Vetting horses for sale prior to purchase is important and something Horse & Hound would always recommend before buying any horse or pony.
Although a two-stage vetting may look financially more appealing, you might miss out on vital information that you would have got from a five-stage vetting, so now is not the time to scrimp and save. It may cost you more in the long run through unexpected vets fees.
In most cases a five-stage vetting will be required if you intend to insure the horse.
When having a potential horse vetted:
- Ideally use your own vet or, at least, an independent vet. If you have friends who live locally to the area then ask them who they’d suggest, or you could ask for recommendations via the H&H forum or local social media groups. Never, let the seller organise the vet.
- If you possibly can, it is worth being present at the vetting so you can see the vet’s reactions and talk to him/her as they goes through the different stages.
- Ask the vet to give a rough estimate of the horse’s age and see if it matches up to what the seller has said.
- Make sure you explain to the vet your level of riding ability/experience, as well as exactly what you plan to do with the horse.
What’s included in a five-stage vetting:
- The main areas of examination are wind, eyes, heart and action.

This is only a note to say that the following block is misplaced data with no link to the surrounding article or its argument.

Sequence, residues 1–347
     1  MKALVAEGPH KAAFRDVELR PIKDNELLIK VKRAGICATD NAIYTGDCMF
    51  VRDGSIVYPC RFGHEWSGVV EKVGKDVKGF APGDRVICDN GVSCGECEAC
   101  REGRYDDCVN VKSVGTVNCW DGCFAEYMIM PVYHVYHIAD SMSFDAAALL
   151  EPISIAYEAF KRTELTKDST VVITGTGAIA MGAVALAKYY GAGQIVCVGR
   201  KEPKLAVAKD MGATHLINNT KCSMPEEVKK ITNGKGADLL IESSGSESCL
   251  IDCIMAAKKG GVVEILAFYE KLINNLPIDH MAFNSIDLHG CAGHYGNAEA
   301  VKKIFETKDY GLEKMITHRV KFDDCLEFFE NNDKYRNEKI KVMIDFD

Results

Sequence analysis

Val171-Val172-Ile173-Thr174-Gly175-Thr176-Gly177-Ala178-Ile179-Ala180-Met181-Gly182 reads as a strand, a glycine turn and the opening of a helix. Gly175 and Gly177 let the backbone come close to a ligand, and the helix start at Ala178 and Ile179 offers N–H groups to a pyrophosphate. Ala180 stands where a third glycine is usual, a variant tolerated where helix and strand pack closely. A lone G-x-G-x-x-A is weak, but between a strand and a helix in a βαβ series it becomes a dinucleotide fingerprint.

- The horse will be trotted up on hard ground, and checked for any stiffness both before and 30mins after exercise. This is normally done via flexion tests.
- The horse will be ridden or lunged to the point where he is exerting himself, so his heart can be monitored.
- A blood sample will be taken.
- You may consider having X-rays done for a performance horse, but this is not included as standard in the five-stage vetting.
When you have the vet’s report:
- Read what the vet has written carefully to be sure that you don’t miss important notes.
- If the vetting shows up a problem and you are unsure whether to go ahead with the purchase, ask the vet in his professional opinion whether or not he thinks you should buy him.
- Remember the vet can only give you their opinion based on what they see on the day when the vetting takes place. They do not have a crystal ball and cannot predict the future!
- Send the vet’s report to your insurance company before handing over payment for the horse, so you know if they intend to put an exclusions on your policy based on the vet’s findings.
With luck the horse will pass the vetting and you can start planning your future together. But if the horse fails the vet, it doesn’t automatically mean an end to your purchase. Discuss the implications with your vet and your insurers and consider whether you have the knowledge and facilities to manage the problem. Some buyers will be open to negotiation on the price for a minor issue, but if your vet advises you to walk away, we recommend you act on their advice.
Next step: Final questions and payment
Ultimate guide to buying a horse
Make sure you set aside plenty of time enjoy the journey of finding your perfect equine partner, as it could easily last a few months, but it will be worth it in the end.